• evaluate prevention, screening, and diagnostic procedures, protocols, and measures to identify maximally informative and cost-effective diagnostic and screening tools, using recognized appraisal criteria described in the evidence-based practice literature;
  • evaluate the efficacy, effectiveness, and efficiency of clinical protocols for prevention, treatment, and enhancement using criteria recognized in the evidence-based practice literature;
  • evaluate the quality of evidence appearing in any source or format, including journal articles, textbooks, continuing education offerings, newsletters, advertising, and Web-based products, prior to incorporating such evidence into clinical decision making; and
  • monitor and incorporate new and high quality research evidence having implications for clinical practice.

Does this sound like what you are doing in your practice? Tell us more!

Evidenced Based Practice and these ASHA guidelines will be the hot topics for
our next #slpchat, scheduled for Sunday, October 2nd at 6 pm Eastern Time. Join
us and let us know how you are using EBP in your practice and how it influences
treatment decisions and outcomes.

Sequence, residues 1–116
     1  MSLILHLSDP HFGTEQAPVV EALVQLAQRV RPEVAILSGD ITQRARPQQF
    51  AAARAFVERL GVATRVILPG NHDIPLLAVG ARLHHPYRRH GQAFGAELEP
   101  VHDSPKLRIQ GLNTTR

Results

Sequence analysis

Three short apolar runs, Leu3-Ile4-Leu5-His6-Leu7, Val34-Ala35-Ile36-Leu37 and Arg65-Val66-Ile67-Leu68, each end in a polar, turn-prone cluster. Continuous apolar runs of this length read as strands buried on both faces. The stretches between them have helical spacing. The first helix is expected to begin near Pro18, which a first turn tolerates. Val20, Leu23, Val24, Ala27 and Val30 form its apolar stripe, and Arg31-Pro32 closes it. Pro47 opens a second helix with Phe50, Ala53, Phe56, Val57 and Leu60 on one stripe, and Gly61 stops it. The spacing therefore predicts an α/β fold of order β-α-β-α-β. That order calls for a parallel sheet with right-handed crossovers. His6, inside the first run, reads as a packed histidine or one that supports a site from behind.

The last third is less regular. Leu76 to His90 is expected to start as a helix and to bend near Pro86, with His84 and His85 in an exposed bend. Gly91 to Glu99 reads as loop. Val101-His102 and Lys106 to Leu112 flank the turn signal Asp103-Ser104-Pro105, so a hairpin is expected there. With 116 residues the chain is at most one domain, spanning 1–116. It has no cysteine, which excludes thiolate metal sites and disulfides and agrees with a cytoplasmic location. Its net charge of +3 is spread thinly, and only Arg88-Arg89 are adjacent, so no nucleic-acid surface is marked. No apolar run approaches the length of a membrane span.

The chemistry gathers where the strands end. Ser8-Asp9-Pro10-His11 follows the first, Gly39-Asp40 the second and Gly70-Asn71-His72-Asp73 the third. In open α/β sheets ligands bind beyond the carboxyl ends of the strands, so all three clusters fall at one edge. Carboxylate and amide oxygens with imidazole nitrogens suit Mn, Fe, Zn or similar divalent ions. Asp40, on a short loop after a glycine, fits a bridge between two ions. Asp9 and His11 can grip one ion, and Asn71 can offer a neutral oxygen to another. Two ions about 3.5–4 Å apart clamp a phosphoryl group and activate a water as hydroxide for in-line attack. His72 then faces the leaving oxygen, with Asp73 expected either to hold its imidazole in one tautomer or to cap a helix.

Some of the questions we will be discussing include:

Is any one prong of EBP more important than the others?

Is any one prong used more than the others?

Is any one prong stressed more than the others?

How big and what kind of role do you think patient/client values play ins EBP? Is there a time when you’ve considered it more carefully than other times? Why?

What influences your choice of intervention technique?

Do you thoroughly research new therapy techniques?

How applicable are these guidelines to speech pathologists working in the field?

Are we as clinicians consistently using these guidelines when making treatment
decisions?

Is this really practical for the wide range of communication and swallowing
disorders which we encounter?

What challenges do you face that may hinder your ability to successfully engage in
EBP?

Would you use intervention techniques that didn’t have the sound research base
behind them?

How can we attempt to incorporate EBP into our practice when there isn’t formal research on a given therapy technique?

We look forward to hearing your views and experiences. See you there!